After the request (LSR) has been submitted and everything is in order, the next major step is Awaiting FOC (Firm Order Commitment), a stage where the port request is in the works, but not yet has a completion date.  But, if there is a problem or error it will be after the submittal and a rejection notice will be issued, usually with a reason code.  Two major types of error codes are typical, one type that states that the number is not portable to the provider that you want to port to, and a second type that indicates a problem.  Usually the first type of declines cannot be remedied by anything within your powers and include the following:

The second type of declines include services on the line and these types of errors may be fixed or corrected in a way that will allow the number to be ported.

Complexities and unusual names and addresses listed (maybe that of the provider).  On limited occasions after a decline of a port, (address mismatch) and a CSR comes back, it may have the VoIP provider's actual name and address instead of the original number's owner.  This can happen if a bulk port of numbers occurred by your VoIP provider to move numbers from one carrier to another.  The numbers in the bulk port are placed under a name and address of the VoIP provider.  After the port takes place the numbers are listed with the new carrier under the provider's name.  This can also complicate caller ID and the far end can show up as the provider, not the actual name of the original owner of the number.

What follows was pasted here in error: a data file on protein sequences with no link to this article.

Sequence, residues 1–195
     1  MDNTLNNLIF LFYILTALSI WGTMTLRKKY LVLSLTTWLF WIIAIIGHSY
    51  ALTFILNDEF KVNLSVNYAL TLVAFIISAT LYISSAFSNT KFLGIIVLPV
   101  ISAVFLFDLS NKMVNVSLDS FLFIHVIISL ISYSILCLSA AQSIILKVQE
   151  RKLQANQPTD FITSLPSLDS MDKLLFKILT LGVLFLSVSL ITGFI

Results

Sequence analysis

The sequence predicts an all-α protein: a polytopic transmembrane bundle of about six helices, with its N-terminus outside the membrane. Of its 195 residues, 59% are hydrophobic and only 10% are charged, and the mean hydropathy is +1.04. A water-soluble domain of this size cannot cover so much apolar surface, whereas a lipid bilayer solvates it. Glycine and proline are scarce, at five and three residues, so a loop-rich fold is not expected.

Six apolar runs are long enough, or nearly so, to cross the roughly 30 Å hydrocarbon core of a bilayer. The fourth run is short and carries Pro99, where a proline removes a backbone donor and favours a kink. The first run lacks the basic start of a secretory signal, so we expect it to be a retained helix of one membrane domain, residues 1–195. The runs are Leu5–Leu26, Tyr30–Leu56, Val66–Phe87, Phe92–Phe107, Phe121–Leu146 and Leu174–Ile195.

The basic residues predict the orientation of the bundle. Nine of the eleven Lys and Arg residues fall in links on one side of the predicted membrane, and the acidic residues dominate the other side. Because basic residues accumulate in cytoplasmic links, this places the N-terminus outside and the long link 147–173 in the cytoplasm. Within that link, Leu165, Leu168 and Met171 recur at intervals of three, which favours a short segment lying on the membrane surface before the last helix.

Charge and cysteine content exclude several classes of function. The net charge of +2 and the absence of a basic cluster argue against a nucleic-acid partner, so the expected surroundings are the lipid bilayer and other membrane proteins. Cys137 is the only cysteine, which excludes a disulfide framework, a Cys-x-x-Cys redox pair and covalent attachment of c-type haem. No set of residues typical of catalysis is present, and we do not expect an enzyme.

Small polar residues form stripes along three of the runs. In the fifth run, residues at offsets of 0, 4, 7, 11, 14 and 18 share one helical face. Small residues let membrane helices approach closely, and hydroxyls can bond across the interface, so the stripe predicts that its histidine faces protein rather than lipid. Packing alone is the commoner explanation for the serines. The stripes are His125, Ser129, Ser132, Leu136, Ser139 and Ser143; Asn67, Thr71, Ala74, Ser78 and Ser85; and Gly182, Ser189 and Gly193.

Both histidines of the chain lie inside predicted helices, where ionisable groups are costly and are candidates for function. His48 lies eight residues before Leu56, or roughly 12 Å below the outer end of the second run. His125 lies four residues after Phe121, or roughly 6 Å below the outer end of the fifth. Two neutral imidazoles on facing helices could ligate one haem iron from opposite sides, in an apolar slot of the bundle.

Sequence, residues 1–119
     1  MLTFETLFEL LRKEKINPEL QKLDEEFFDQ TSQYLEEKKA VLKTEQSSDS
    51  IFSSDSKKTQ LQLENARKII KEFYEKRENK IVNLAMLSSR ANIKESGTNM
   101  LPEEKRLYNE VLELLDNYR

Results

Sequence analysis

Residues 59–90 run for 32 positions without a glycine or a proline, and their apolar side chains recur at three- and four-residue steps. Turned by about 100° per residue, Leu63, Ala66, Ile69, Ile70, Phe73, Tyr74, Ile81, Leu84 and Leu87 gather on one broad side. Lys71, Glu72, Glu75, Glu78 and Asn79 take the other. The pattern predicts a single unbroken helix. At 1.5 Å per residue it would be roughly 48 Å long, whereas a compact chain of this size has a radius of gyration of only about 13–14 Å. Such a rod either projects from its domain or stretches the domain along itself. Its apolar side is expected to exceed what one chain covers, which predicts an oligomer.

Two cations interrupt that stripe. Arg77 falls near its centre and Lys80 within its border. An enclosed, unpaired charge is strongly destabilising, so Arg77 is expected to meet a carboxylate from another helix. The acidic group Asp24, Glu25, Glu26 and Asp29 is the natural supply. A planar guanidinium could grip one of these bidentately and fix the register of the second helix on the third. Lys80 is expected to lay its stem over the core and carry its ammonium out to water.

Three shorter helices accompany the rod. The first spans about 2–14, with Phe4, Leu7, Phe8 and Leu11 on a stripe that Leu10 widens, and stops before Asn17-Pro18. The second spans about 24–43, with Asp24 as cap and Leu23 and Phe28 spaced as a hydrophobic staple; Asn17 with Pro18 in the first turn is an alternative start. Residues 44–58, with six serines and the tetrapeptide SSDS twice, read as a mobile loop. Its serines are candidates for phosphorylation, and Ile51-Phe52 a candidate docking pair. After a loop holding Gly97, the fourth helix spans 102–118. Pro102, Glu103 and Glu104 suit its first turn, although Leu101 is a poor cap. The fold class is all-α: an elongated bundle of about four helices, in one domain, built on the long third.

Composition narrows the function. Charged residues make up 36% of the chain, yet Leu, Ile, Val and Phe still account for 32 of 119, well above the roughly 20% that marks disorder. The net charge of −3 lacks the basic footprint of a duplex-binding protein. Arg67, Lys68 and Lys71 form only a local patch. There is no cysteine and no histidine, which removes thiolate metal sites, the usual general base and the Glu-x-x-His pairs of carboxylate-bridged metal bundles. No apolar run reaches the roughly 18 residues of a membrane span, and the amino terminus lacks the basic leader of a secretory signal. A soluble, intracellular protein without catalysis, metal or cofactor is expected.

Porting toll free numbers.

Telecom laws have been enacted that make a toll free number belong to the customer and not the phone company.  This allows toll free numbers to be ported like other regular phone numbers, given that certain rules and conditions apply.  In most cases, following the guidelines above, LOA and a copy of the phone bill should suffice to port your toll free numbers, but they Your VoIP provider should be helpful and courteous.normally take longer than traditional numbers to port.

"One of the most important steps in porting is to fill out the LOA correctly, making sure it is accurate and legible and fax it along with a complete phone bill to your VoIP provider."


"We like to create a smooth transition for both the business and home user."

How long should the process take?

Different VoIP providers vary, but a good rule of thumb would be as follows:

NOTE: New FCC mandates now state that LNP rules apply to VoIP providers.  This includes porting out numbers as well as porting in numbers.

Important:  The FCC has mandated new porting rules that dictate faster and more efficient ports and although these faster times are the rule, many companies, including a large portion of VoIP providers are going to take longer (Remember, the VoISP gets the request from the user and may take a couple of days to actually get it to the CLEC, (they should pass that request immediately, but in some cases may not do so).).  We suggest that you talk with your prospective provider and discuss a realistic expectation of how long your porting process would be expected to take.  Also it is important to remember, if the initial requests comes back; due to needing additional information or some error, the process time starts anew.  The process as a whole has become more efficient and the FCC has taken steps to enact rules which are good for the consumer, but all things being what they are, real life still takes precedence.